In the 2015 District Council election, the HKFTU had 29 candidates elected (two under both DAB and HKFTU banners). Its Legislative Council seats dropped from six to five in the 2016 Legislative Council election as veteran Wong Kwok-hing failed to retain his District Council (Second) seat. Nevertheless, the HKFTU remains the third-largest political group in the Legislative Council as of late 2020.[citation needed]

The HKFTU suffered a major defeat in the 2019 District Council election, which was held amidst the 2019 protests, retaining only five of their previous 29 seats.[citation needed]


In August 2018, the pro-democracy tabloid Apple Daily reported that the HKFTU had total assets of about $250 million Hong Kong dollars. From 2015 to 2017, the HKFTU accumulated an income of $380 million, including $242 million from an unknown donor. The HKFTU also allegedly avoided paying $39.2 million in profits tax by transferring $24.7 million to a company.[10]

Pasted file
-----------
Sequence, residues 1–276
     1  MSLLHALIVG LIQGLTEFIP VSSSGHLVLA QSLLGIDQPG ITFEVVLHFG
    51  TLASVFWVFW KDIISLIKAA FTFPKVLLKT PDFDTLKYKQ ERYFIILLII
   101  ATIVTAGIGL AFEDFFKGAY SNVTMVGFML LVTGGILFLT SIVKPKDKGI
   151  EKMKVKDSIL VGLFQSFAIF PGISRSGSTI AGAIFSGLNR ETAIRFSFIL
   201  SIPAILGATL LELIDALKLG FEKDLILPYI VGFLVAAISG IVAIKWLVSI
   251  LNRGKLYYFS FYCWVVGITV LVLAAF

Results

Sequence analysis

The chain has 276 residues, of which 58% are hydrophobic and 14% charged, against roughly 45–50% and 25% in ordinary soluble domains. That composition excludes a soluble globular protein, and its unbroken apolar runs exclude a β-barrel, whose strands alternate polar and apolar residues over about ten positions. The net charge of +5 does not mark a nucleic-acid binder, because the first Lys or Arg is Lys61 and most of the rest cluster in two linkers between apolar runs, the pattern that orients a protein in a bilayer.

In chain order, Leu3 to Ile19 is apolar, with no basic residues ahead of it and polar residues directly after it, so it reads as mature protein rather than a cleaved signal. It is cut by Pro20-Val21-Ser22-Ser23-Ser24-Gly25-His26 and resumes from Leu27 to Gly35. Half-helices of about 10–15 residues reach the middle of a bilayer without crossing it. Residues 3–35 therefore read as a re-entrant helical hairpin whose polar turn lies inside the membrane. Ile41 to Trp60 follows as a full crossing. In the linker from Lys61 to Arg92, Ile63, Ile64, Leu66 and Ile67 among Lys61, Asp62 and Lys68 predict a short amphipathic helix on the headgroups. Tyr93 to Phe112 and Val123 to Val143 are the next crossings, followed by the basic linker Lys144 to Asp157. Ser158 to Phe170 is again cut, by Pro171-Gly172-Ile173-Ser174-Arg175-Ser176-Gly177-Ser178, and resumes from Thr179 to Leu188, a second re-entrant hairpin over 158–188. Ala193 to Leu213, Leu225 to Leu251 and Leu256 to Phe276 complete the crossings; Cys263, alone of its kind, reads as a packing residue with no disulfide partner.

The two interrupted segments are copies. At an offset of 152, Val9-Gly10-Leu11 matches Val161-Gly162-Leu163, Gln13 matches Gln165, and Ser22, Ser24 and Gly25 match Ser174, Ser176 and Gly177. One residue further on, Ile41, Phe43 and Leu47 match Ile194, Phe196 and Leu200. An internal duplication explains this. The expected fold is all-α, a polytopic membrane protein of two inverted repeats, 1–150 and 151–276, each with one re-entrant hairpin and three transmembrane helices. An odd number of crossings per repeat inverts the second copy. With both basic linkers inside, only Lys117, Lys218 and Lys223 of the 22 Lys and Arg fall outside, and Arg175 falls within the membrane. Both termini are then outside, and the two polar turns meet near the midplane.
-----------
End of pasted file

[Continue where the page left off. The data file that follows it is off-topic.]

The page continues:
Electoral performance[edit]

Legislative Council elections[edit]

Election Number of
popular votes
% of
popular votes
Total seats +/− Position
1991 44,894Steady 3.28Steady 0 1 0
1 / 60
0Steady N/A
1995 DAB ticket 0 1 0
1 / 60
0Steady N/A
2000 DAB ticket 0 1 0
1 / 60
1Increase N/A
2004 52,564Steady 2.97Steady 1 2
3 / 60
2Increase 5thIncrease
2008 86,311Increase 5.70Increase 2 2
4 / 60
1Increase 5thIncrease
2012 127,857Increase 7.06Increase 3 3
6 / 70
2Increase 2ndIncrease
2016 169,854Increase 7.83Increase 3 2
5 / 70
1Decrease 5thDecrease

Note 1: Each voter got two votes in the 1991 Election.
Note 2: Before 2008 the HKFTU had a joint-ticket with DAB.

District Council elections[edit]

Election Number of
popular votes
% of
popular votes
elected seats
1988 3,360Steady 0.53Steady
2 / 264
1991 6,229Increase 1.17Increase